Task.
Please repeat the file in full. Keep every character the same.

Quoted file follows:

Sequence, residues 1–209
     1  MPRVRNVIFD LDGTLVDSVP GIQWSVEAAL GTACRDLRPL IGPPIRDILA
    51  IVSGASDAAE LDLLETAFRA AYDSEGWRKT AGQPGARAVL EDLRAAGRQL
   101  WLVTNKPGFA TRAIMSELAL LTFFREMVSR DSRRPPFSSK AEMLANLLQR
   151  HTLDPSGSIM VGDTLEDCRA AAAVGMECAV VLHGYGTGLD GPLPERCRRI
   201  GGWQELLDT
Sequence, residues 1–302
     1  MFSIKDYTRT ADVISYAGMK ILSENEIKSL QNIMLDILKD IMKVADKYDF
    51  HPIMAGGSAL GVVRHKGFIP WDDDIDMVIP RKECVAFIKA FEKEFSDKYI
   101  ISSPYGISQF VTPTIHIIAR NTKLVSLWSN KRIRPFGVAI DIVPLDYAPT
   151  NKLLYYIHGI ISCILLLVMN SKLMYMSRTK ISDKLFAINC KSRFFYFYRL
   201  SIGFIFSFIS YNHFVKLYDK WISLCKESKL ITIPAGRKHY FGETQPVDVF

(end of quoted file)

Sequence, residues 1–209
     1  MPRVRNVIFD LDGTLVDSVP GIQWSVEAAL GTACRDLRPL IGPPIRDILA
    51  IVSGASDAAE LDLLETAFRA AYDSEGWRKT AGQPGARAVL EDLRAAGRQL
   101  WLVTNKPGFA TRAIMSELAL LTFFREMVSR DSRRPPFSSK AEMLANLLQR
   151  HTLDPSGSIM VGDTLEDCRA AAAVGMECAV VLHGYGTGLD GPLPERCRRI
   201  GGWQELLDT
Sequence, residues 1–302
     1  MFSIKDYTRT ADVISYAGMK ILSENEIKSL QNIMLDILKD IMKVADKYDF
    51  HPIMAGGSAL GVVRHKGFIP WDDDIDMVIP RKECVAFIKA FEKEFSDKYI
   101  ISSPYGISQF VTPTIHIIAR NTKLVSLWSN KRIRPFGVAI DIVPLDYAPT
   151  NKLLYYIHGI ISCILLLVMN SKLMYMSRTK ISDKLFAINC KSRFFYFYRL
   201  SIGFIFSFIS YNHFVKLYDK WISLCKESKL ITIPAGRKHY FGETQPVDVF